First household essentials: noodle bowls, chop sticks and a steaming pan!!

Once you decide to board an airplane for 24 hours or so to go to the Outback, you have to make up your mind about what memorabilia to take. This can be an easy task if you decide to ship all your personal belongings, furniture, clothing, pets, car and children included. It will cost you something, but at the least it can make things simple.

How I left

So that's what I didn't do. Being not very materialistic, I decided to travel just with my blinding yellow suitcase. What else do you need?

What I took 

Quite confident about my decision I started to sell everything within my apartment, including my so beloved wooden board, rolling pin, induction wok, water grill, and so on. Outch, that hurt. At least, I took my knives and some cookbooks. And our laptops of course.

First noodle bowl & chopsticks
The evening before we left, we found out we were too optimistic about the size of suitcases. Never knew you could bring so little. Not too desperate, we enthusiastically start to remove almost everything from our already packed suitcases. Keep in mind, we didn't have a lot of money because the apartment had not been sold yet. At best we could bring ourselves some clothing, shoes and memorabilia of our families. Okay, a few cookbooks and the best of my knives as well.

When I arrived

When we arrived, with almost nothing, we first spent some days in Sydney. What an amazing city it is, loved it! The food as well. After our first days and somewhat of an acclimatisation we travelled to our new home town: the city of Wollongong!


Remember: no furniture, no stuff, not a thing, just the knives.

What I got

We arranged ourselves a brand new 3 room apartment, with 2 bathrooms (insane!) and a BBQ proof balcony within a week. Rent: too high, not because of the apartment, just because of the fact that almost every acceptable living space in Wollongong starts from 450$ a week. We decided not to worry and just pay for it.
Steaming pan

What I can

We immediately tried to find out where to buy a new mattress, furniture, pans, towels and other basics. Not too easy in Wollongong. We had to travel to another town: Warrawong. But there we managed to find ourselves a mattress and a dinner table and chairs. Back in town we bought our linen, a steaming pan, a wok, a cutting board, some bowls and chopsticks. No worries, I told my husband: I can cook with this. So I did.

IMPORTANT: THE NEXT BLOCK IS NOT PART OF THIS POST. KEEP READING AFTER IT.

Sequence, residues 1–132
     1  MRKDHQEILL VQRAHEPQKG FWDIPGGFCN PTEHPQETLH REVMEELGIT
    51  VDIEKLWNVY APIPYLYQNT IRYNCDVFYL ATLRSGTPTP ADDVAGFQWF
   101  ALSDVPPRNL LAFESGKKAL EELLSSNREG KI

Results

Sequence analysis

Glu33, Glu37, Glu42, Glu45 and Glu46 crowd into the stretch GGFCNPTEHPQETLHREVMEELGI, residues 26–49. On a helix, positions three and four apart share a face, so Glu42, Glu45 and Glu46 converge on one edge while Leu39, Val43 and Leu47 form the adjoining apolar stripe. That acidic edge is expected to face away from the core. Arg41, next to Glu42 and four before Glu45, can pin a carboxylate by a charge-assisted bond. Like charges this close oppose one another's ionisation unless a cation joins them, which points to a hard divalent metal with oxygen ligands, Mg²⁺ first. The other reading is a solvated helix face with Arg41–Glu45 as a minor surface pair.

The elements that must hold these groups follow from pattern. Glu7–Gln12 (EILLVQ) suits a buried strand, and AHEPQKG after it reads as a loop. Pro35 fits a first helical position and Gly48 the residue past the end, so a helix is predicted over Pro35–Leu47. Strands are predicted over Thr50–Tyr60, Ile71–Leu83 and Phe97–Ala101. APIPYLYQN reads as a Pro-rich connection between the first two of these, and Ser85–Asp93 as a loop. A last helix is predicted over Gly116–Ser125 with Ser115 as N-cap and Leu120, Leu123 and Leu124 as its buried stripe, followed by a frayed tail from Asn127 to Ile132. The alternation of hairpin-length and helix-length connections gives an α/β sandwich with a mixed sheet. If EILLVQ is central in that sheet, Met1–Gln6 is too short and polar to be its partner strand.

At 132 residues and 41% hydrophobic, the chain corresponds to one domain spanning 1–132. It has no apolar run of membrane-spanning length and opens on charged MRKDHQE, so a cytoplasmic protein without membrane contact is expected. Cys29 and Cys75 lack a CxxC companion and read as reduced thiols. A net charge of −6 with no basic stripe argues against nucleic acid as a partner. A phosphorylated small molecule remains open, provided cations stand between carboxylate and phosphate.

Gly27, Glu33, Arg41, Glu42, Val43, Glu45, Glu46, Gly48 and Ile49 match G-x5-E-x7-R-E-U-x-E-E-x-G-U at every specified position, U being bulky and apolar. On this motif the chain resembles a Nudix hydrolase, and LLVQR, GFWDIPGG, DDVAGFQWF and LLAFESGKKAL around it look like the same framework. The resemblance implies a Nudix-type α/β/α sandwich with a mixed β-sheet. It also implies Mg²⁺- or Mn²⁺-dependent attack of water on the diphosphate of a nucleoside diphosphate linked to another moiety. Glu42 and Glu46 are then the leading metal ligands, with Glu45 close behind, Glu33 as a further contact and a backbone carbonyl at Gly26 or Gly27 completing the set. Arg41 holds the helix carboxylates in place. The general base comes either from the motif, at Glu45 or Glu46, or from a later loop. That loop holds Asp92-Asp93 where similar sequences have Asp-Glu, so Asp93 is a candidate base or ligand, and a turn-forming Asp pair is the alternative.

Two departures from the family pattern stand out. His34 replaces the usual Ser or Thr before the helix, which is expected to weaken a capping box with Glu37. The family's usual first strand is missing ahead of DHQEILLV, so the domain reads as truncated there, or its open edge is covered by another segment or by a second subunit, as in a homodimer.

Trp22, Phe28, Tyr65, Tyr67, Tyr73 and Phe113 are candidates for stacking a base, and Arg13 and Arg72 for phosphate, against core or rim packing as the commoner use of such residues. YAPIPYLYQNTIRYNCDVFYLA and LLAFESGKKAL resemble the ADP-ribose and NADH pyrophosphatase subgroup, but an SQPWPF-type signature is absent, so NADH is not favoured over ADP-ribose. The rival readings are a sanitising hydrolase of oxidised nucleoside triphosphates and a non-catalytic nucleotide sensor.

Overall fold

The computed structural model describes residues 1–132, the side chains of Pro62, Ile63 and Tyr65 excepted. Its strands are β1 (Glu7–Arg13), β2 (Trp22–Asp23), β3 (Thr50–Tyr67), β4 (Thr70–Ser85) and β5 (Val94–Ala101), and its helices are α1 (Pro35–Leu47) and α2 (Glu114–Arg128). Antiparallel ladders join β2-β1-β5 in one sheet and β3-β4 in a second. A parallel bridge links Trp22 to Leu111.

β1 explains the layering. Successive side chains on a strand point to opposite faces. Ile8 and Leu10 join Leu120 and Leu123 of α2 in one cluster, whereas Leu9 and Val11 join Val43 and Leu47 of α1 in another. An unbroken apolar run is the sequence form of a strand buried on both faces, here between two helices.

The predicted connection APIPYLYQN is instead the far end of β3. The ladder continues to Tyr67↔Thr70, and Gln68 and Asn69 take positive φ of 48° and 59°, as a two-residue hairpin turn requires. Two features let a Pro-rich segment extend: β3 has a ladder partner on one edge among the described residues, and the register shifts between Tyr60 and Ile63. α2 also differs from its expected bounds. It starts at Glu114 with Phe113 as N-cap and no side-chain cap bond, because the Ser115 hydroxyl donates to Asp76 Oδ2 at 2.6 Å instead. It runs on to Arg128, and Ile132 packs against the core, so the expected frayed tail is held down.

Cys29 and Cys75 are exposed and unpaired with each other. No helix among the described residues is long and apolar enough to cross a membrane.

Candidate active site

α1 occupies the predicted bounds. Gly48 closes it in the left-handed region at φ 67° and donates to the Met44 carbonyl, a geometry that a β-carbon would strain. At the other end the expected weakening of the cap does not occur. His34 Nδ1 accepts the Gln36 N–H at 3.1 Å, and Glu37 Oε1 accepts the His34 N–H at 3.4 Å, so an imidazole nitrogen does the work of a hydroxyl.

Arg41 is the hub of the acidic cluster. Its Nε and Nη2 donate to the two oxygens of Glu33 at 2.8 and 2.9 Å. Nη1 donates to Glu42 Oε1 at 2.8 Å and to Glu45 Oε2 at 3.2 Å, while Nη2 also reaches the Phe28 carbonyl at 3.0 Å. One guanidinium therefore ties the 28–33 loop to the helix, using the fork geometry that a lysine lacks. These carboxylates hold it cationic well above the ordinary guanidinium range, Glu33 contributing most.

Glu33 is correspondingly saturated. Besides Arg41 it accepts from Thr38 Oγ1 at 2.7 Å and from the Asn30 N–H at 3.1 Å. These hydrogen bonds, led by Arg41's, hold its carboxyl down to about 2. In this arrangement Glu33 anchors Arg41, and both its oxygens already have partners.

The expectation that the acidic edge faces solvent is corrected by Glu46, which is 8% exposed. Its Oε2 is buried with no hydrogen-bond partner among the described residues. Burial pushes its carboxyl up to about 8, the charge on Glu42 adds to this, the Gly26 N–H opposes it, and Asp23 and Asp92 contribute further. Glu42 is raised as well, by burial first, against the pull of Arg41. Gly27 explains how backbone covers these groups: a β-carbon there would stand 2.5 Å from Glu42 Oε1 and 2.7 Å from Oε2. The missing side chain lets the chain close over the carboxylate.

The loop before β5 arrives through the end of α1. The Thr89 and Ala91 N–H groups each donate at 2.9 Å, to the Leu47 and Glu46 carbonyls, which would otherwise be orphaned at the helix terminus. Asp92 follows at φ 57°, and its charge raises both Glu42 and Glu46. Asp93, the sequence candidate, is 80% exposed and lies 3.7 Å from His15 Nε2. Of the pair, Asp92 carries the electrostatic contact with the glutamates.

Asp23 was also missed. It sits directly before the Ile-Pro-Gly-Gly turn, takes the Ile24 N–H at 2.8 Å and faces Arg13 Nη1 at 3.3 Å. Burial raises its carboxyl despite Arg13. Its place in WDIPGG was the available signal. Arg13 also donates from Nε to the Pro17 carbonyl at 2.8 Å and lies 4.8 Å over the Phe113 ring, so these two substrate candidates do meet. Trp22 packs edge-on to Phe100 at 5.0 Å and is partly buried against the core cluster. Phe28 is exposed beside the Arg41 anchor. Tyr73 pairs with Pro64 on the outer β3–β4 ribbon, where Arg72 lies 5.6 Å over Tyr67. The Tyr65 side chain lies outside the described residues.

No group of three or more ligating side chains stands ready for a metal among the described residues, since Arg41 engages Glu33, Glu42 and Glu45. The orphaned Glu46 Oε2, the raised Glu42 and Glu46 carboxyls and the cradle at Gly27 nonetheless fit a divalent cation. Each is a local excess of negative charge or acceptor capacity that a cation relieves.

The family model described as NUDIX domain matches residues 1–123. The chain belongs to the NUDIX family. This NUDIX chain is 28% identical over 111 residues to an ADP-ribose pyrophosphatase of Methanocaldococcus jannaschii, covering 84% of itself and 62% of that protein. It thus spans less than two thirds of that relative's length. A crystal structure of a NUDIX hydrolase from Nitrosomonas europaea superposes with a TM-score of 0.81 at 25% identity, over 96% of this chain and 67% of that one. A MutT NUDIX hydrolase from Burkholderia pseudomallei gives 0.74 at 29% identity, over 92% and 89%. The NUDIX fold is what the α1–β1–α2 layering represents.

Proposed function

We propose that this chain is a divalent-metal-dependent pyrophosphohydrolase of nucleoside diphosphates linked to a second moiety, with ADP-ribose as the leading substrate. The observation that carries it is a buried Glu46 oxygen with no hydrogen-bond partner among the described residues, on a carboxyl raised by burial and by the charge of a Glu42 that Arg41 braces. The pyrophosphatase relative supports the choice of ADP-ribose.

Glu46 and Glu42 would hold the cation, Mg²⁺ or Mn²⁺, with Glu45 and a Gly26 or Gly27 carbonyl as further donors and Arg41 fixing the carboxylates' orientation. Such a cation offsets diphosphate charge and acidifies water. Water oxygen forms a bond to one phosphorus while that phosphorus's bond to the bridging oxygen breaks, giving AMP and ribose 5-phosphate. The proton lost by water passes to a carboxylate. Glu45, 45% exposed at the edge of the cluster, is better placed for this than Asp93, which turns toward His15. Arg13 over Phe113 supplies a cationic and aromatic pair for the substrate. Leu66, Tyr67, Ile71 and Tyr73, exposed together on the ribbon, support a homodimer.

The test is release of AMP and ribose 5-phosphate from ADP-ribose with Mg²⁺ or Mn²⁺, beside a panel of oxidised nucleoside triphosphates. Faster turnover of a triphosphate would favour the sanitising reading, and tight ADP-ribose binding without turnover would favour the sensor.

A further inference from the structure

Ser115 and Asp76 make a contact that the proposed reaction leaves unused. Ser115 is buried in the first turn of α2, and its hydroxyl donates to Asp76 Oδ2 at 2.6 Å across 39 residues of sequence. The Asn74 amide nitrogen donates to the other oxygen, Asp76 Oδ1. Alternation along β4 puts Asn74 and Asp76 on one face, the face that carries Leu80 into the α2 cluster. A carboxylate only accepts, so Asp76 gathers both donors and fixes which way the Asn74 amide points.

What I needed

Not materialistic as I am, it took me about one week before I became annoyed. Though I used my steaming pan as a (noodle) cooking pot, as well as a rice cooker and steamer, I needed at least a wooden board, a rolling pin and flour to cook us the decent stuff. That's what we bought.

What I have

So, right now, here I am, in the city center of Wollongong with my wooden board, a rolling pin, my knives and some pans. And a mortar and pestle, I bought myself that as well.

What to expect?

Flour, wooden board & rolling pin
Really, I don't know. Ingredients are different. For example, we bought this huge 10 kg bag of flour, a stupid idea to start with because we didn't try it before, how predictable, resulting in a first failure because the flour types differ from the flour I am used to. Even if the protein level is acceptable, quality, ash contents, and extent of grading might be different. Lots of fun, especially if you turned yourself into a picky noodle eater years ago.

Maybe you can expect me to find out whether I can just do it again, starting to cook myself noodles from scratch in this unknown country.

Best to come

Failures might be hilarious, but it is really worrisome if you have to eat them yourself. Though, throughout the years I have learned it is the best motivator to turn yourself into a respectable cook within an acceptable timeframe.


Popular Posts